Look, I love Gutedel (Chasselas) and I’ve hardly ever had one that wasn’t delectable, bearing in mind I haven’t had them randomly but rather from good growers who resisted the tendency for the wines to be attractive but mundane. This wine is anything but mundane, though it strikes me as a teeny bit more slight than was the ’18. But what a useless cavil that is! If I ever went to a restaurant that poured this by the glass, I’d never go to any other restaurant.
2018 Viviser +
Not a site name but an archaic word for Chasselas, this wine spends up to two years in big barrels (3,000 liters); it comes from a high-elevation limestone site with a lot of wind. Each of the three vintages I’ve drunk has had a hint of Jurassien sous-voile character – which I accept. Still just 11% ABV, it’s not “bigger” than the Heugumber, but deeper and saltier. The vines are 35 years old now.
Think toasted nuts, basmati, brewer’s yeast over popcorn. Light as it is, it’s almost too dense to glug – I tried! Admittedly I love Chasselas, and to quote a saying I cherish, “Doubtless God could have made a better Chasselas than this, but doubtless He never did.”
2018 Steinkrügle +
Still Chasselas, still (somehow) 11.5% ABV, longer cask-aging (and has the gold color to demonstrate it) and the closest thing to Meursault of anything that isn’t actually Meursault.
Hanspeter calls it “a wolf in sheep’s clothing,” and it can stand among my most precious white wines.
If you’re a wine-person seeking to amuse yourself, you will totally fuck your wine friends over when you serve this to them blind. You’re welcome.
This ’18 is leesier than the other vintages I’ve had, but it shares their fervent minerality. It has the mien of white Burgundy allied to a ridiculous drinkability no white Burgundy can offer. You can imagine a Burgundy vigneron returning from an excursion to the Jura, wondering what if……..
The limestone is taut here, and the butter is carefully browned, and some Grand Cru Chablis have this aroma, and these waters are deep but clear all the way down, yet the surface is as crazy-delicious as the toasted upper surface of a potato galette. With the finest nutty brown-butter for you to dip it in.
But drink it the day you open it, or maybe a day later if at least half the bottle remains. I nursed it over four days, and by the end it had grown unpleasantly beery, more (dubiously?) recherché than its forbears.
The following three were received later as a second batch.
2018 Ziereisen Jaspis Gutedel 10(4) Alte Reben +
10,000 vines per hectare, hence “10-4” Perhaps Ziereisen’s most controversial wine, as he has likened it to a “Montrachet” and priced it accordingly. The vines were planted in 1968 and 2006, the alcohol is all the way up to 12% (!), and we are bathing in lees.
So, okay, just how good or great can Chasselas be?
This wine is certainly intense, feverishly so. It has that seethe of “important” wine. It’s hyper-expressive in all facets. Its length is overt; it clamors on the front of the palate, moderates in the middle and fades a bit in the back. That is finally the deciding factor for me.
But what can you do but be stunned with admiration at the ballz of the ambition? And in fairness I need to let this spread its wings for a few days. I think I see what Hanspeter seeks to do here and I think he is partially, and intriguingly successful. But we must judge according to the task he’s set himself to, and I need more input.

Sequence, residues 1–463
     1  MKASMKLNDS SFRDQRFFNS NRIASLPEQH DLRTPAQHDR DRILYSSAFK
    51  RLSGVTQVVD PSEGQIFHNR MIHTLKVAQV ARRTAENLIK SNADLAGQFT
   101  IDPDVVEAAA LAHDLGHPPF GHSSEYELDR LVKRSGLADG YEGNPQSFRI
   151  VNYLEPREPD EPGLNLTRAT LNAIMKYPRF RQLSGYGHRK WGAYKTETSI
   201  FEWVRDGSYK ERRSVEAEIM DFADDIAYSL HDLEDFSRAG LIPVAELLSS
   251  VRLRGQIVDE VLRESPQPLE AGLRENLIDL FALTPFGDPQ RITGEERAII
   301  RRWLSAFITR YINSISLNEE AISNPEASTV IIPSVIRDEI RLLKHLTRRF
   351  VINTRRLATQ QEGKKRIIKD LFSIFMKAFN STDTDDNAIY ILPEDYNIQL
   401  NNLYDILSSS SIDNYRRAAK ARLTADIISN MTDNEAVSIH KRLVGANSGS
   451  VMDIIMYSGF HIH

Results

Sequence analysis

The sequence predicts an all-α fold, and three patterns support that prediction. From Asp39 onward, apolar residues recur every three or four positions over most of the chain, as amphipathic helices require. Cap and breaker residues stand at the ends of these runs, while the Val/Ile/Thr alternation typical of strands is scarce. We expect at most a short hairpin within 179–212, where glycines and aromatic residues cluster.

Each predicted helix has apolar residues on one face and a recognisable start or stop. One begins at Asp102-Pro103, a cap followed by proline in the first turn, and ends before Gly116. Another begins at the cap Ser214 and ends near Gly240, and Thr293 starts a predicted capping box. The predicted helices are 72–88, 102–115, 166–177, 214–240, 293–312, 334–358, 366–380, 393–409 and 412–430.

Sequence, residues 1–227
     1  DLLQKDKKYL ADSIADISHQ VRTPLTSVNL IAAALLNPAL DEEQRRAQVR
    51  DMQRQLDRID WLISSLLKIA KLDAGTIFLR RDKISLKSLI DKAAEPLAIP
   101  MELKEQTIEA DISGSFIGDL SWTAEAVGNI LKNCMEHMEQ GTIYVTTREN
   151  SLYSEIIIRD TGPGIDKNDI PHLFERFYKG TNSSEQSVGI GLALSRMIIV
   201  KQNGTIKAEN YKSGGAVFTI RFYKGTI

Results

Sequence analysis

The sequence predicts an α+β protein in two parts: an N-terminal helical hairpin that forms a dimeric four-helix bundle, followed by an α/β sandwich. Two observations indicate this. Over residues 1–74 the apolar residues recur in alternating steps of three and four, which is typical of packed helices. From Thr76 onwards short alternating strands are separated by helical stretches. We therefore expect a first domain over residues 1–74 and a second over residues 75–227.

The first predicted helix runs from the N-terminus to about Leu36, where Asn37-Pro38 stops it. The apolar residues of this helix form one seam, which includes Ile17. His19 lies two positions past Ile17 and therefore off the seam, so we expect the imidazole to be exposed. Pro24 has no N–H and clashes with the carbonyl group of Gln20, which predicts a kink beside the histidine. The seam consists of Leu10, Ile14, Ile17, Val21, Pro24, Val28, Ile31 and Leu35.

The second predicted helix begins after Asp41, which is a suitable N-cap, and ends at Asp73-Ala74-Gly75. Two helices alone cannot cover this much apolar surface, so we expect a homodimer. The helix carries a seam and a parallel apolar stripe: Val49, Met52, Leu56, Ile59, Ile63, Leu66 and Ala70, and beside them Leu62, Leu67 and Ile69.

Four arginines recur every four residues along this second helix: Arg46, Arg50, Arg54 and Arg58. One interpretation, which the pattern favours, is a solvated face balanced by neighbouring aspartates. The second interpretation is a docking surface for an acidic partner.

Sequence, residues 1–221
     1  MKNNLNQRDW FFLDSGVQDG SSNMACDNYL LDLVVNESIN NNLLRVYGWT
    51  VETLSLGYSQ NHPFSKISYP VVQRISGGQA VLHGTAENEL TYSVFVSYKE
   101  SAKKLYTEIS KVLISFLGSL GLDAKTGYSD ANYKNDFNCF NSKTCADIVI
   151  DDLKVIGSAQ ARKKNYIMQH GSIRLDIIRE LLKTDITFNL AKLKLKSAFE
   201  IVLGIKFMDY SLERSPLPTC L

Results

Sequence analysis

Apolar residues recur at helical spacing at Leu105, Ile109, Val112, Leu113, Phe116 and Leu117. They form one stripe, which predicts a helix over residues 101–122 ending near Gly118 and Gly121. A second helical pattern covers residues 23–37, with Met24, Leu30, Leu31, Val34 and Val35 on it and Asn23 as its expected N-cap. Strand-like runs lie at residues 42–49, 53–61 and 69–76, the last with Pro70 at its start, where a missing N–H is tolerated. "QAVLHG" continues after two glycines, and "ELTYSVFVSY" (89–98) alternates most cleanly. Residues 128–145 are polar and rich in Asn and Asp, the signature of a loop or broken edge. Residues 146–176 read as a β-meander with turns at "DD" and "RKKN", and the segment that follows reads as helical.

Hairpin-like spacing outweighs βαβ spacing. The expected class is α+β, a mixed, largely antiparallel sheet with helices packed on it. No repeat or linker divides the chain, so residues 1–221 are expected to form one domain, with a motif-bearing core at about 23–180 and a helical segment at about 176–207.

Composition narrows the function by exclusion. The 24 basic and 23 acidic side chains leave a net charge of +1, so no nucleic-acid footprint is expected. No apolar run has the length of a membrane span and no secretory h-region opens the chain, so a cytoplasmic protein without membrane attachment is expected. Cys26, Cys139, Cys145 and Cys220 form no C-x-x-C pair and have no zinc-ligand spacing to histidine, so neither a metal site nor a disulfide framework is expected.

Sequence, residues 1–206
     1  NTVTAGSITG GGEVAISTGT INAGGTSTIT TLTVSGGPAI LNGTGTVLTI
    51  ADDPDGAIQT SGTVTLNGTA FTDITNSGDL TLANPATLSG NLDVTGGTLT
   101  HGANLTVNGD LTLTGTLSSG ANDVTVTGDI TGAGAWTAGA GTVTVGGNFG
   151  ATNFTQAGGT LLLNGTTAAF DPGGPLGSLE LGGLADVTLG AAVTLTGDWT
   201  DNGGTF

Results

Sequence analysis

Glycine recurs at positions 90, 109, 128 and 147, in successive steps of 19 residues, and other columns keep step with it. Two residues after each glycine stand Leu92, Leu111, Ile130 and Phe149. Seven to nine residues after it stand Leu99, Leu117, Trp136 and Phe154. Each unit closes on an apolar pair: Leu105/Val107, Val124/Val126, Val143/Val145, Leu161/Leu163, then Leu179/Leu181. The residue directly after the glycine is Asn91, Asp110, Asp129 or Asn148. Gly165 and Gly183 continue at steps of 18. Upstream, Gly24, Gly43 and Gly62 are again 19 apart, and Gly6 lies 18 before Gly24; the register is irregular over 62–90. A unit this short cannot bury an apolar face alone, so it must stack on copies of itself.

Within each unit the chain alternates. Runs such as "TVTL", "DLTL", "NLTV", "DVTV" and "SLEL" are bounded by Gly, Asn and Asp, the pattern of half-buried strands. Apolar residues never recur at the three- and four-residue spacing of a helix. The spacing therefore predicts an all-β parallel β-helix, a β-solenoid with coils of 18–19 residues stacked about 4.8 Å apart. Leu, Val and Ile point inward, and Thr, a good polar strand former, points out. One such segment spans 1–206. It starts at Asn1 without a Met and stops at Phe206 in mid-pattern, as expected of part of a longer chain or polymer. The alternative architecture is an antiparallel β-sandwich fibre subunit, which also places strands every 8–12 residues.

Yet the wine didn’t really blossom, or perhaps more accurately, it didn’t add blossom to what was already there.
2019 Weißer Burgunder
There is one level above this, so let’s call it the “basic” wine insofar as anything at this winery is “basic.”
I just finished the last of a few bottles of 2018 I had in the cellar, and this one is much better. The flor aroma isn’t there, and in its place is a lovely, envelopingly toasty fragrance with a masa harina note, toasted corn, reminding me of Hiedler’s Maximum bottlings of PB (at least before climate-change hijacked their alcohols). The palate is suave and redolent of autumn squash but also fennel-pollen and chamomile.
I’m also finding it compellingly drinky. That is, I find I want less to study it than to just take it to the table. I am also so happy that vintages actually do vary at Ziereisen; this is radically different than the ’18. If I hesitate at all before these whites, it’s that the flor thing is, in the end, boring, because it always tastes the same.
This wine has real vinosity, saltiness, and a farm-butter quality I find hard to resist. I want food with this wine because this wine is food in some elemental way. I don’t “thirst” for it; I HUNGER to drink it. So, we did take it to the table. The meal was roasted black cod (a.k.a. sable) in olive oil, with sautéed wild-gathered (by my sharp-eyed wife) chanterelles, puff-balls and black trumpets, brown jasmine rice and shredded napa cabbage. As I suspected, the wine was seamless and perfect, a true table wine.
I often wonder, if I place myself in the mind of the grower, what (s)he would rather hear. “I gave your wine 91 points in my tasting group,” or “My sister-in-law came for dinner and we roasted a fish and drank your wine and it was exactly the best wine to drink.”
I think we both know the answer, don’t we?
2019 Grauer Burgunder
There are two levels above this. Also, Hanspeter told me he probably would never have planted white varieties at all except that his wife (Edel) insisted on it, and his own favorite variety is this one, Pinot Gris, probably due to its mass and muscle.
Its mass and muscle is much of the reason I’m cool toward the variety. Hanspeter and I had a wry discussion on this topic. One can approve of the idea of a truly dryPinot Gris with “only” 13.5% alc, but approving is one thing and relishing is another. I have full respect for this wine, but as a matter of true taste, I’d have to say it’s “good for those who like this kind of thing.” Maybe time and air will unlock elements that seem obtuse to me now.
Here are some things the wine is not: it isn’t brutish, it’s not overstated, not over-alcoholic, not clumsy, not crude, not overly massive. Not sweet. Also no sign of the flor thing we see in several other Ziereisen whites. And now a few things this wine is: it is seriously interior, implosive, and at first, obscure. It also impresses as blankin some way, as though one had painted a picture of a huge muscular person but forgot to draw the features on the face. Something tells me this will change, but…into what?